Romania Debates Disputed Legal Plans After Massive Protestsby
Demonstrators oppose planned bill to pardon some offenders
President initated referendum procedure over disputed plan
Romania is debating changes to the criminal code that have sparked fury over the rule of law and triggered the biggest street protests since the fall of Communism.
The amendments, which include pardoning certain crimes and halting anti-graft probes into some officials, were discussed with the public Monday at the Justice Ministry in Bucharest. About 90,000 people demonstrated Sunday in a second weekend of dissent, with at least 50,000 rallying in the capital alone. Protesters back a long-standing anti-corruption drive and want Justice Minister Florin Iordache to quit. He said he’ll amend the proposals and decide how to move forward after the debates.
The Social Democratic-led government that took over the European Union and NATO member a month ago is facing unprecedented public opposition to plans to revamp criminal legislation via emergency decrees. President Klaus Iohannis has also criticized the proposals, calling a referendum on the plan last week in a move that’s still awaiting parliament’s non-biding response. The situation is worrying the EU, with German Chancellor Angela Merkel voicing her concern during a phone conversation Friday with the president.
“The government can’t ignore the will of the people, which is sovereign,” Iohannis said Monday on his Facebook page, reiterating his call to the cabinet to scrap the planned changes. “Romania can only lose by prolonging this issue, which has brought tens of thousands of people into the streets.”
The planned changes include pardons for prisoners serving sentences shorter than five years and decriminalizing offenses such as corruption related to abuse of public office. Potential pardoning won’t apply to criminals, rapists or multiple offenders, Iordache said at the start of the debate.
While Social Democrat leaders cite overcrowded prisons as grounds for the planned changes, prosecutors and judiciary associations say they’re unacceptable and would clear specific people, such as high-ranking politicians under investigation for corruption.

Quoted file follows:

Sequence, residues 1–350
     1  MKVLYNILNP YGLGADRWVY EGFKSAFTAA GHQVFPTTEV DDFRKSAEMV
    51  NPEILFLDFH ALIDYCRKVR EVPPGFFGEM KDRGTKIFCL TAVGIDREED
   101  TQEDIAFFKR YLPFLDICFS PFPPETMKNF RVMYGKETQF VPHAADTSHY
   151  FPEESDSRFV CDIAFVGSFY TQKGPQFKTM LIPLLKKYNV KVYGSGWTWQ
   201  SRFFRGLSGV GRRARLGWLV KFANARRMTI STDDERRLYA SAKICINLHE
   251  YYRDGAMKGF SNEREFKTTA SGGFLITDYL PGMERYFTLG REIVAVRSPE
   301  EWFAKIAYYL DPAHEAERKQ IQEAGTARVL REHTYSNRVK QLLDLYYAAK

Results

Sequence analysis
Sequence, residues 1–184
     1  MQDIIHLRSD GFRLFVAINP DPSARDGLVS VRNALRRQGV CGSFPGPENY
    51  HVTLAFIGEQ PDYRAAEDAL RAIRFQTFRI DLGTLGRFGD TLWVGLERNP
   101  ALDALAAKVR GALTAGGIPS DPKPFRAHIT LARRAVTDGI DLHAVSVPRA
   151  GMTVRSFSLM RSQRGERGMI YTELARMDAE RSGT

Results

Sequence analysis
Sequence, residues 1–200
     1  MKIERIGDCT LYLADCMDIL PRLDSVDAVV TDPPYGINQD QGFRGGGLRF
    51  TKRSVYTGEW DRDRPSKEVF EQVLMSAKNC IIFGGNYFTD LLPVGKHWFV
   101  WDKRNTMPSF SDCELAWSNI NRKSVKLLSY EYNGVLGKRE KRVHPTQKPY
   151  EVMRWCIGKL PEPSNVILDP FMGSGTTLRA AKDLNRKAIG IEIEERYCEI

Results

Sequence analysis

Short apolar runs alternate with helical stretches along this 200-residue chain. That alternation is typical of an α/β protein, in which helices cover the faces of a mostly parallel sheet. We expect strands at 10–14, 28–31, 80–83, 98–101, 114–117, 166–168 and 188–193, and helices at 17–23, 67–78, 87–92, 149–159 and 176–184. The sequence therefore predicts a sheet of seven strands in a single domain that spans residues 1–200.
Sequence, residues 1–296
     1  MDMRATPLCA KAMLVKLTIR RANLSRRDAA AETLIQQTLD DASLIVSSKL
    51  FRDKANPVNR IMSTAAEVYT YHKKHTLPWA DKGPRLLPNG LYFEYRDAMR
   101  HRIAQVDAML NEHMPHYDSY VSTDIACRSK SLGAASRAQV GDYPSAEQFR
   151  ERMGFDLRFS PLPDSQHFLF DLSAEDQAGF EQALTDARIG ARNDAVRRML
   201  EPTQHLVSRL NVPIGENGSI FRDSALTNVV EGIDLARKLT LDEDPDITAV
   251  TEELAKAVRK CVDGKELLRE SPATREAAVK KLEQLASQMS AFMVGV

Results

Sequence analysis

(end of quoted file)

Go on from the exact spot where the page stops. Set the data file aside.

The protests underline uncertainties that also include budget sustainability, according to Ciprian Dascalu and Silviu Pop, Bucharest-based economists at ING Bank NV. “Both issues could lead to tussles between the president and the center-left Social Democrats,” they said in a note. “Overall, this doesn’t look like a healthy backdrop for leu assets.”
The leu, which gained has 0.8 percent against the euro this year, strengthened 0.5 percent to 4.5007 per euro at 3:08 p.m. in Bucharest.
Iordache is set to decide whether to make the proposed changes via emergency decree, as originally planned, suggest a draft law or even seek fast-track parliamentary approval through a confidence vote.
Romania’s four-year clampdown on graft has ensnared top officials including ex-Premier Victor Ponta. Social Democratic leader Liviu Dragnea is also serving a two-year suspended sentence for electoral fraud and faces another abuse-of-office probe. He denies wrongdoing. Romania ranks fourth-worst for graft in the EU, according to Berlin-based Transparency International.